Sharing stories of women, empowerment

Kendall Aronson, Campus Carrier Asst. Arts & Living Editor

“The Vagina Monologues”: It’s not a traditional play by any means. It includes many individual monologues, each read out by a different person. They range in topic from rape to love to birth. Some are quirky, some more heart wrenching. The subject is meant to be raw and emotional. The production is being directed by Hannah Hammond and AnnaBeth Crittenden, and is being co-sponsored by EMPOWER and BCTC. 

“We want it to be the raw emotions rather than a polished piece,” senior AnnaBeth Crittenden said.

For this reason, there are fewer rehearsals than a normal production would have, with an emphasis on emotional freshness. It is a lot less like sitting down and becoming immersed in a different world, like you would expect in a production such as “Wicked” or “The Tempest.” It makes the audience think, and the narratives are right in your face. 

Don’t let the word vagina stop you from attending. The show is meant to be about empowerment, while shaking some of those taboos surrounding the topic. The title and show itself bluntly ask to be paid attention to, and that’s by design. 

“Behind even just the word vagina there are so many  stories in that and finding strength in yourself and in your own beauty,” Crittenden said. “And I’m hoping the word vagina doesn’t scare them off because the people who it might scare off are the people who need to see this show.” 

It can also be a very relatable production as a female, as well as enlightening you to the plights of your fellow women. If you’re not a woman, it can be very educational.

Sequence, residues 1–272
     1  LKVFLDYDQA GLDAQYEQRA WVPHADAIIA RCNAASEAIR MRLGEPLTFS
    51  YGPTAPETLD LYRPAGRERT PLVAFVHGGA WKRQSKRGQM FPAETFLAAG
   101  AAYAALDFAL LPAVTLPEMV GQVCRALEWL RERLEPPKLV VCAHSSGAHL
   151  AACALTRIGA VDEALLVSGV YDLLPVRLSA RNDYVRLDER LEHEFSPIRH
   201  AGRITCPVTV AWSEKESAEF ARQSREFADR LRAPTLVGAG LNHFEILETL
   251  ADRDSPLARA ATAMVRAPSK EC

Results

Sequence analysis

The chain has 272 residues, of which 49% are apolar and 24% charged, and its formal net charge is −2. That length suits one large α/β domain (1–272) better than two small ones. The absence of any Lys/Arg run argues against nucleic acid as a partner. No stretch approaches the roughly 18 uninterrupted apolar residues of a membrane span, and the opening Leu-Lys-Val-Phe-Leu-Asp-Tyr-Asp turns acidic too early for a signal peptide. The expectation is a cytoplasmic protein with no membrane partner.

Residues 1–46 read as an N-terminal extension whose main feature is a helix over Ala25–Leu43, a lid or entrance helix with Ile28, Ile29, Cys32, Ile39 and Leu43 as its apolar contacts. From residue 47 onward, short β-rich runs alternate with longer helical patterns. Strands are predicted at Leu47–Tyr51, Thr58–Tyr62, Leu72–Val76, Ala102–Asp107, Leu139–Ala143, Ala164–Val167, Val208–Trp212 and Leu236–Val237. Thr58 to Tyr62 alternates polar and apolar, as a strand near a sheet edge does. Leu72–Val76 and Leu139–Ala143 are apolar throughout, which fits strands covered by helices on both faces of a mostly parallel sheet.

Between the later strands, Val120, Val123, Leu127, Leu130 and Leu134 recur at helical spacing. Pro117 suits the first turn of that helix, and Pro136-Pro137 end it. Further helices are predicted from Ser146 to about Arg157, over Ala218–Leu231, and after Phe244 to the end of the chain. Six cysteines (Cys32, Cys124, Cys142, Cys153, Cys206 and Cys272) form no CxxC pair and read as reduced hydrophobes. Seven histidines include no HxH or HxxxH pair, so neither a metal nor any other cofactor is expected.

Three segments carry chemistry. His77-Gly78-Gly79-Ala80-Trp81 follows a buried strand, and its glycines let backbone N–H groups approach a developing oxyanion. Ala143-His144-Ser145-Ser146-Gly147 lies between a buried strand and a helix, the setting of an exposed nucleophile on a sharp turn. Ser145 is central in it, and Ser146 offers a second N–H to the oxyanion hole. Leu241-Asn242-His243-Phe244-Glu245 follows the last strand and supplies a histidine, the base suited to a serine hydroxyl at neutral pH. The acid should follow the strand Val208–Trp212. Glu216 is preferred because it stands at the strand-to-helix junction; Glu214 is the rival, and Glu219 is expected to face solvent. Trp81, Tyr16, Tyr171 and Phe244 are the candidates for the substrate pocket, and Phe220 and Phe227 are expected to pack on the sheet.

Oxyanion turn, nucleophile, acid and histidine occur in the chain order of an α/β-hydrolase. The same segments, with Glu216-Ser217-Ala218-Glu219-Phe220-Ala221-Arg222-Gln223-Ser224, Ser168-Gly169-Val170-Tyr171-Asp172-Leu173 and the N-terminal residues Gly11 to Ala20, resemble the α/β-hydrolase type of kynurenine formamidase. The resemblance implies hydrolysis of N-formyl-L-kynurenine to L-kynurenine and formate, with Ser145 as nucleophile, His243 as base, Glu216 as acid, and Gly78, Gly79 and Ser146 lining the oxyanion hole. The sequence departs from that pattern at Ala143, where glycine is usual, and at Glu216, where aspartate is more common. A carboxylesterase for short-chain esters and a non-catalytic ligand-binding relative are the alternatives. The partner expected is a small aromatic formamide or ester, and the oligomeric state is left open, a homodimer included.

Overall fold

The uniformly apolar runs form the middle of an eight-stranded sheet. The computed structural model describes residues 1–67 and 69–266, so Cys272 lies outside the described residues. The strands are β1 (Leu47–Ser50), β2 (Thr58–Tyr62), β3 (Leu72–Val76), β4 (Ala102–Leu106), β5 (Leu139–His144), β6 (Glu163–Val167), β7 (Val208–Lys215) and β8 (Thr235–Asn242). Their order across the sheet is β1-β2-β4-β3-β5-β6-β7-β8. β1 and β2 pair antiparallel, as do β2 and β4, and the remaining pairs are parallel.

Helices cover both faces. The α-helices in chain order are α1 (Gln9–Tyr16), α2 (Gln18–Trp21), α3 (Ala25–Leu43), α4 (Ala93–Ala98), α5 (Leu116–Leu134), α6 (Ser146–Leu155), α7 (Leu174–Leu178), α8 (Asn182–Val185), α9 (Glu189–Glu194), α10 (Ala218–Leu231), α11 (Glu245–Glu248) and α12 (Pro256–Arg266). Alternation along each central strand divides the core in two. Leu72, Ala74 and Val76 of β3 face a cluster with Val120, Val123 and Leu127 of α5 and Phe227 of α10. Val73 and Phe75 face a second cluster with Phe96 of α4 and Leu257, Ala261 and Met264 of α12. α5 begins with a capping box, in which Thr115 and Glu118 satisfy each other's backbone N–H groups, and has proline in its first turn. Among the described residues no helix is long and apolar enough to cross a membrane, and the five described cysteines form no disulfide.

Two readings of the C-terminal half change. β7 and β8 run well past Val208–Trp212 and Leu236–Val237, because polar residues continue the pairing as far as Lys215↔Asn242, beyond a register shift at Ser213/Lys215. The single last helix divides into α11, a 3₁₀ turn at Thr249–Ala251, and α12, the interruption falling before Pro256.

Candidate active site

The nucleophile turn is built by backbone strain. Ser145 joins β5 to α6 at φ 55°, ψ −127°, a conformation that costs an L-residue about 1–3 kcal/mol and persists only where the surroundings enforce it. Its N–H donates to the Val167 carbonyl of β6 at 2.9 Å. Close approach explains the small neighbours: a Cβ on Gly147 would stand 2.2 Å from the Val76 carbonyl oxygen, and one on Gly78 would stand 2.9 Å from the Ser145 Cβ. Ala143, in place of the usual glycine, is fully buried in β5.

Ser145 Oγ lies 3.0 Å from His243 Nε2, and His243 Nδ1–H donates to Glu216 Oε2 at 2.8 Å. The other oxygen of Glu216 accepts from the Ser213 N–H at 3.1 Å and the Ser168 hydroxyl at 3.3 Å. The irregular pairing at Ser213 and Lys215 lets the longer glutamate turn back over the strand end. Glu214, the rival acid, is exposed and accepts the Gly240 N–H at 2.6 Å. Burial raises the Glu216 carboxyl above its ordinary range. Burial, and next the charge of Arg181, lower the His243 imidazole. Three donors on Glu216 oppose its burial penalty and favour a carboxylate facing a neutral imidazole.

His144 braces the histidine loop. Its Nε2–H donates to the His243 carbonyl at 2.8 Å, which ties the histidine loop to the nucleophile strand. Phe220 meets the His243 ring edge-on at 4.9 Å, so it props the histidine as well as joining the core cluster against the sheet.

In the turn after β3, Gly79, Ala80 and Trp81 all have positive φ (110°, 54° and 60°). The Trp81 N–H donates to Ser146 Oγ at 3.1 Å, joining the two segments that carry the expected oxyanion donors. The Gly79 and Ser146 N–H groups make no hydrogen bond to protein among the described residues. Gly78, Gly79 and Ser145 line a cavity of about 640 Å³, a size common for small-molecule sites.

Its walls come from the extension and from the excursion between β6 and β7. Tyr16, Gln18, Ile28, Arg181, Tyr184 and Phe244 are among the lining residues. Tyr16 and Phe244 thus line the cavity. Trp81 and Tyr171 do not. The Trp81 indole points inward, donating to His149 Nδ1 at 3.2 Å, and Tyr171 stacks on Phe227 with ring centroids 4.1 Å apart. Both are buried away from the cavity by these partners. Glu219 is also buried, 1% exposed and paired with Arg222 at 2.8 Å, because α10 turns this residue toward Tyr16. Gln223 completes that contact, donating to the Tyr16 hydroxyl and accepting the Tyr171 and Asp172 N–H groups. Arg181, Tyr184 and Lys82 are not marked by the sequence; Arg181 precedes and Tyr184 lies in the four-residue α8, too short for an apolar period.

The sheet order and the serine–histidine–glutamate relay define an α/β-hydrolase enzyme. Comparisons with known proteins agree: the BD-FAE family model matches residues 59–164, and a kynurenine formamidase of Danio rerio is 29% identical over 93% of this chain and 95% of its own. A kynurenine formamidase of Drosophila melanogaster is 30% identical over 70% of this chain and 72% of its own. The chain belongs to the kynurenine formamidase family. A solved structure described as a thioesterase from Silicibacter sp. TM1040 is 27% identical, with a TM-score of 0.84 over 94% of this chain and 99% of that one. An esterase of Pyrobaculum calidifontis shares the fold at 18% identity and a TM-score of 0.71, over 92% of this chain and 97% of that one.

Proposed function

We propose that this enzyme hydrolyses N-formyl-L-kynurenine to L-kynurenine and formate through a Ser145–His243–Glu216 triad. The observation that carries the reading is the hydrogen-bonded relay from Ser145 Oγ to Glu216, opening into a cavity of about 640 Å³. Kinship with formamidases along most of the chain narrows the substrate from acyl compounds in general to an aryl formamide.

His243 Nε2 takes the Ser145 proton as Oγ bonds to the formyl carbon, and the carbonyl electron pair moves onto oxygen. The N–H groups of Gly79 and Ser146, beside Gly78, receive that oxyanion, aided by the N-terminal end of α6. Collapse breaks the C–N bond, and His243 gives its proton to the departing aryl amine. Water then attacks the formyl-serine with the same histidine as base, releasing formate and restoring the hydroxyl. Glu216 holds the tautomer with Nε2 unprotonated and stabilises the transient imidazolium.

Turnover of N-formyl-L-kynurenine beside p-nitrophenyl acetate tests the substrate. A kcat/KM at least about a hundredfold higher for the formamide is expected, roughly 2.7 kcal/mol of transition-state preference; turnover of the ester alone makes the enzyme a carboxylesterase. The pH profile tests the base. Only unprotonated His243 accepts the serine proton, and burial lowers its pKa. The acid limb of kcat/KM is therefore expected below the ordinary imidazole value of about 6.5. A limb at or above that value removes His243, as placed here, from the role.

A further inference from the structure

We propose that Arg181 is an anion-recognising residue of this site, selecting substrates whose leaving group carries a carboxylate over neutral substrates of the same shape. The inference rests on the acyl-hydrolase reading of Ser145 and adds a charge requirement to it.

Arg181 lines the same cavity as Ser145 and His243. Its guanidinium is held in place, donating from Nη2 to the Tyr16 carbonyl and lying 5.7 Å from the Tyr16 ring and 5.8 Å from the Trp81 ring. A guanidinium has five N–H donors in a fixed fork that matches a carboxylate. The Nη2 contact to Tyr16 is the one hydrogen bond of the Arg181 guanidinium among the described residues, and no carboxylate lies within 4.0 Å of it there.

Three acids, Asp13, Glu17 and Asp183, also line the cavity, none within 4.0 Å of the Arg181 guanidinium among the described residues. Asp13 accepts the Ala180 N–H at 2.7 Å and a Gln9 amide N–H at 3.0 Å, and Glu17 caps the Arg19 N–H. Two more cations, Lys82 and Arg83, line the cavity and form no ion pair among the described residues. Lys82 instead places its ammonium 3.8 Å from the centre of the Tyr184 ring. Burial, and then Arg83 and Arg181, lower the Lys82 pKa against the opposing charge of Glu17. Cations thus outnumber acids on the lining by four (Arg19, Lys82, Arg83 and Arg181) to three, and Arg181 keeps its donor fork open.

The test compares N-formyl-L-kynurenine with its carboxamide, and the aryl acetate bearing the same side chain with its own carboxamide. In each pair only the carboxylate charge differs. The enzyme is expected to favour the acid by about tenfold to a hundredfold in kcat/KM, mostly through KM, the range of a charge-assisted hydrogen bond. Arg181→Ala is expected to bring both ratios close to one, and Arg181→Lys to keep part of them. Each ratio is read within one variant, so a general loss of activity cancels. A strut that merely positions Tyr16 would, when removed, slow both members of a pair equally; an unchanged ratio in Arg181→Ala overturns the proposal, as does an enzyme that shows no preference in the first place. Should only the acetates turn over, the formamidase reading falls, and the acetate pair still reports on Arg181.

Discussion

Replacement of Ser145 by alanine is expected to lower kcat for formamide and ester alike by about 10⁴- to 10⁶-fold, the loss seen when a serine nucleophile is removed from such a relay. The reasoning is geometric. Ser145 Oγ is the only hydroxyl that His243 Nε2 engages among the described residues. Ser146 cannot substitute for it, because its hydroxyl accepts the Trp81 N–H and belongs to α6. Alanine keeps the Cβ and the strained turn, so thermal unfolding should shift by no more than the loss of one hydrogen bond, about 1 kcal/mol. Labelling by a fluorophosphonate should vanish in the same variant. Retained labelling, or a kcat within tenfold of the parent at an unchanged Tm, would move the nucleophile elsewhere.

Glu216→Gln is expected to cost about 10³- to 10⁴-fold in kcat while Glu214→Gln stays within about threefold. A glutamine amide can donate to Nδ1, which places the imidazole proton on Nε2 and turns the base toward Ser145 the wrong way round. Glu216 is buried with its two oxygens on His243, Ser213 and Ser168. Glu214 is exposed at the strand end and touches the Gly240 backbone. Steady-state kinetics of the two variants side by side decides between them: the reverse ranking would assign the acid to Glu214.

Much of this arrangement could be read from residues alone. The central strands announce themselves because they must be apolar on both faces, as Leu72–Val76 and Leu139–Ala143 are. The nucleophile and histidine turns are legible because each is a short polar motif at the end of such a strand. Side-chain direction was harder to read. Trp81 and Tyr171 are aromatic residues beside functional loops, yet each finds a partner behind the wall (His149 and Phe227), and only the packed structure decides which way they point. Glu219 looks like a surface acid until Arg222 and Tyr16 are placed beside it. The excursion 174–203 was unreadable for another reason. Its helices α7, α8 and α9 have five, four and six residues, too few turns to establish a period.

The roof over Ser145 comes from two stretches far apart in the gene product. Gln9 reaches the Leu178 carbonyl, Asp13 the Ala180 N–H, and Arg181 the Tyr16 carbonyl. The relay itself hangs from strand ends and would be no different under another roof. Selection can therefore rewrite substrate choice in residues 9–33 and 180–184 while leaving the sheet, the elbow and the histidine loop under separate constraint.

“Everyone knows a woman,” senior Heather Pharis said. She has done the production before and will be doing the “Moaner Monologue” this year. “I love this show because I look around at women and I’m like yes you are powerful, you are important, and you are incredible, and you are probably going through so much and you still are a warrior,” Pharis said.

The monologues combat doubt and self consciousness among women about their vaginas and about other aspects of their lives. 

“‘The Vagina Monologues’ is like a battle cry for all women,” Pharis said. “Kind of like a realization moment for all the men in the room too.”

Another thing which makes “The Vagina Monologues” different from other plays is that the playwright, Eve Ensler, went out and interviewed different women for these stories. Each of the monologues is a true story, told from their  own point of view, and in hearing those stories the audience can learn more about females everywhere. 

“At one point in my life, I genuinely thought my vagina was only meant to birth babies,” Pharis said. “And it does have that purpose, but there are so many other purposes now too. There’s a sense of empowerment with it.” 

Especially in the social climate of today, “The Vagina Monologues” makes a very important statement. It is being performed at Berry College on Feb. 24, 25 and 26 at 8 p.m. in Krannert Underground. 


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